Drabkin, A.S., Sikkema, K.J., Wilson, P.A., Meade, C.S., Hansen, N.B., Delorenzo, A., Kochman, A., Watt, M.H., Aunon, F.M., MacFarlane, J.C., Ranby, K.W., & Mayer, G. (2013). Behavior and characteristics of newly HIV-diagnosed men who have sex with men in New York City. AIDS Patient Care and STDs. 27, 333-341. PMCID: PMC3701313.

Mathews, E.J., *Puffer, E.S., Meade, C.S., & Broverman, S.A. (in press). Effective components of a school-based HIV prevention program following national dissemination in rural Kenya. East African Medical Journal.

Watt, M.H., Meade, C.S, Kimani, S., MacFarlane, J.C., Choi, K.W., Skinner, D., Pieterse, D., Kalichman, S.C., & Sikkema, K.J. (2013). The impact of methamphetamine (“tik”) on a peri-urban community in Cape Town, South Africa. International Journal of Drug Policy. Epub 2013 Oct 26.

Brooks, A., Lokhnygina, Y., Meade, C.S., Potter, J.S., Calysn, D., & Greenfield, S. (2013). Ethnic differences in the rates and correlates of HIV risk behaviors among drug abusers. The American Journal on Addictions, 22, 136-147.

Calsyn, D.A., Hatch-Maillette, M.A., Meade, C.S., Tross, S., Campbell, A.N.C., & Beadnell, B. (in press). Gender differences in heterosexual anal sex practices among women and men in substance abuse treatment. AIDS & Behavior.

Meade, C.S., Bevilacqua, L.S., Moore, E.D., Griffin, M.L., Gardin, J.D.III, Potter, J.S. Hatch-Maillette, M., & Weiss, R.D. (in press). Concurrent substance abuse is associated with sexual risk behavior among adults seeking treatment for prescription opioid dependence. The American Journal on Addictions.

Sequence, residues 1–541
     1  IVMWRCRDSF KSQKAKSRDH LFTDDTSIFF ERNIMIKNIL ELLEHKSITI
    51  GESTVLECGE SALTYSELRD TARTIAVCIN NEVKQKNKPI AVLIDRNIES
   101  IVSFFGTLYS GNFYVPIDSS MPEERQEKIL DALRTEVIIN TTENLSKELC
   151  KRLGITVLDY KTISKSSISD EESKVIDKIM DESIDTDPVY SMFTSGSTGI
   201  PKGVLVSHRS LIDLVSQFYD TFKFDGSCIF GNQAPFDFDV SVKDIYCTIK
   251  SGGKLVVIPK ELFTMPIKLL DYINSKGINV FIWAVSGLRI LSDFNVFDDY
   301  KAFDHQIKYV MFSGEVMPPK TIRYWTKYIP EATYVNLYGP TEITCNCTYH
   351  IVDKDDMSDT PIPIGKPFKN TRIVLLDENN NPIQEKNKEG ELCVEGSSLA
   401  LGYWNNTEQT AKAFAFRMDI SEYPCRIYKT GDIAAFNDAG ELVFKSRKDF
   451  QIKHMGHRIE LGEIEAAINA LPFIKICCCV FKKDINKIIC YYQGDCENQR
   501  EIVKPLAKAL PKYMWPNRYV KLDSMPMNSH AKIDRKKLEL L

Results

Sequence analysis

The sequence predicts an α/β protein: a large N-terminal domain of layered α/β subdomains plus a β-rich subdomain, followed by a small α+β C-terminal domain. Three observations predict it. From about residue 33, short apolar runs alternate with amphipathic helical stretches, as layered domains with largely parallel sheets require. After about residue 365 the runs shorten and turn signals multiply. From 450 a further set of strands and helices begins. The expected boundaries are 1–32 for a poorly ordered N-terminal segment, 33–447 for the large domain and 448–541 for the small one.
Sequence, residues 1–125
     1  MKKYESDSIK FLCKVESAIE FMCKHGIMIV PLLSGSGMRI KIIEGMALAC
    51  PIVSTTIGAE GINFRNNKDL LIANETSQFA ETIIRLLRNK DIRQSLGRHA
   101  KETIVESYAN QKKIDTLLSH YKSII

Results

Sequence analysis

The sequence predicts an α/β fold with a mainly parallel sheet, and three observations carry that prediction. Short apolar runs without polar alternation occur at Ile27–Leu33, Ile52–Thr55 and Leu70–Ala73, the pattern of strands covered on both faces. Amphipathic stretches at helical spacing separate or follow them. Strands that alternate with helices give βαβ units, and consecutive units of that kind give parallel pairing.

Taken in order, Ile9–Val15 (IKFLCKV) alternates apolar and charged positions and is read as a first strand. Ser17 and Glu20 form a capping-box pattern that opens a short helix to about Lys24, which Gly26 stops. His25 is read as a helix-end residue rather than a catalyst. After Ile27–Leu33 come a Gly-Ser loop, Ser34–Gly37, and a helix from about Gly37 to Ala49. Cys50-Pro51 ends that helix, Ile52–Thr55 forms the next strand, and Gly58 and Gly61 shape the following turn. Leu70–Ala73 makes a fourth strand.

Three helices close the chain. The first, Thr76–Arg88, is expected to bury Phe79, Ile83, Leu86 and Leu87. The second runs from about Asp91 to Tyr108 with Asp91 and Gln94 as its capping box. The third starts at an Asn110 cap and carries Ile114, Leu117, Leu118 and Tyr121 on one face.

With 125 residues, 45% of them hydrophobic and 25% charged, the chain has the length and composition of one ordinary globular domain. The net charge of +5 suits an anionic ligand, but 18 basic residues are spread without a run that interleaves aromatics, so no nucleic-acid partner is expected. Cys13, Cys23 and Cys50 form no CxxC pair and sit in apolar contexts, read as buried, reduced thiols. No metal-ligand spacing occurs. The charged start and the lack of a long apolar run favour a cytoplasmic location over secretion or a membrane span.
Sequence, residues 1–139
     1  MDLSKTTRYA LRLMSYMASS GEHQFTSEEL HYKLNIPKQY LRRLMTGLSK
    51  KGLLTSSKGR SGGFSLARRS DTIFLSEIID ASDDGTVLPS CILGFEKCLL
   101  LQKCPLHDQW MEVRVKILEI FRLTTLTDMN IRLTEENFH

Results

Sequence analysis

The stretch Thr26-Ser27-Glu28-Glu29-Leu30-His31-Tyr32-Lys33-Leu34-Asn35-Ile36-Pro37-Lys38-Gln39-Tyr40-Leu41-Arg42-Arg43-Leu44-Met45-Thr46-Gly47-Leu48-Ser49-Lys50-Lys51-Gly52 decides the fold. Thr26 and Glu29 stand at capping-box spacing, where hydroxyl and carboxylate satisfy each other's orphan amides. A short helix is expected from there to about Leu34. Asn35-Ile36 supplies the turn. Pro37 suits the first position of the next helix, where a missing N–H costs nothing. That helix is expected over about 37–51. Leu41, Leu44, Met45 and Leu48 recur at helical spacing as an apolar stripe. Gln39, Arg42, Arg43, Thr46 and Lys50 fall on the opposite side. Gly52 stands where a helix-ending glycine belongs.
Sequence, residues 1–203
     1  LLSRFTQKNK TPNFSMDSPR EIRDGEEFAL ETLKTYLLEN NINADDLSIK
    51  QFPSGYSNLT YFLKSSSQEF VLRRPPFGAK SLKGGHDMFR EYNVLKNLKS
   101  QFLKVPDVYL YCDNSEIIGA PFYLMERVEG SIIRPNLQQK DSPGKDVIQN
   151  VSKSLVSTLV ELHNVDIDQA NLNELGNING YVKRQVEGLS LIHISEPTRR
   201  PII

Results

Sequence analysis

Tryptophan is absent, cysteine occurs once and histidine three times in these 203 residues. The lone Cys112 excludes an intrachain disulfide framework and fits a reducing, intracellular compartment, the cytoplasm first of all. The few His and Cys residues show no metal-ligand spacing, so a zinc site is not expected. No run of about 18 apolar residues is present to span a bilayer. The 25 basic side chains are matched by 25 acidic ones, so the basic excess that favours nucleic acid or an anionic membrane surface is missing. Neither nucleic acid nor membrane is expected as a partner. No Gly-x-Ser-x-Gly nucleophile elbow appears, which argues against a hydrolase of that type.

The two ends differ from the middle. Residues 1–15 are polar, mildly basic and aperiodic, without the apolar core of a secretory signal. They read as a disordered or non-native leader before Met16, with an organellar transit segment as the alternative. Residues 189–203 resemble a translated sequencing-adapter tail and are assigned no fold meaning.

Drabkin, A.S., Sikkema, K.J., Wilson, P.A., Meade, C.S., Hansen, N.B., Delorenzo, A., Kochman, A., Watt, M.H., Aunon, F.M., MacFarlane, J.C., Ranby, K.W., & Mayer, G. (in press). Behavior and characteristics of newly HIV-diagnosed men who have sex with men in New York City. AIDS Patient Care and STDs.

Watt, M.H., Ranby, K.W., Meade, C.S., Sikkema, K.J., MacFarlane, J.C., Skinner, D., Pieterse, D., & Kalichman, S.C. (2012). PTSD symptoms mediate the relationship between traumatic experiences and drinking behavior among women attending alcohol-serving venues in a South African township. Journal of Studies on Alcohol and Drugs, 73, 549-558.

Meade, C.S., Bevilacqua, L.A., & Key, M.D. (2012). Bipolar disorder is associated with HIV transmission risk behavior among patients in treatment for HIV. AIDS and Behavior, 16, 2267-71.

Meade, C.S., Watt, M.H., Sikkema, K.J., Deng, L.X., Skinner, D., Pieterse, D. & Kalichman, S.C. (2012). Methamphetamine use is associated with HIV risk among patrons of alcohol serving venues in Cape Town, South Africa. Drug and Alcohol Dependence, 126, 232-9.

Sikkema, K.J., Ranby, K.W., Meade, C.S., Hansen, N.B., Wilson, P.A., & Kochman, A. (in press). Reductions in traumatic stress following a coping intervention were mediated by decreases in avoidant coping for people living with HIV/AIDS and childhood sexual abuse. Journal of Consulting and Clinical Psychology.

Skalski, L.S., Sikkema, K.J, Heckman, T.G., & Meade, C.S. (in press). Coping styles and illicit drug use in older adults with HIV/AIDS. Psychology of Addictive Behavior.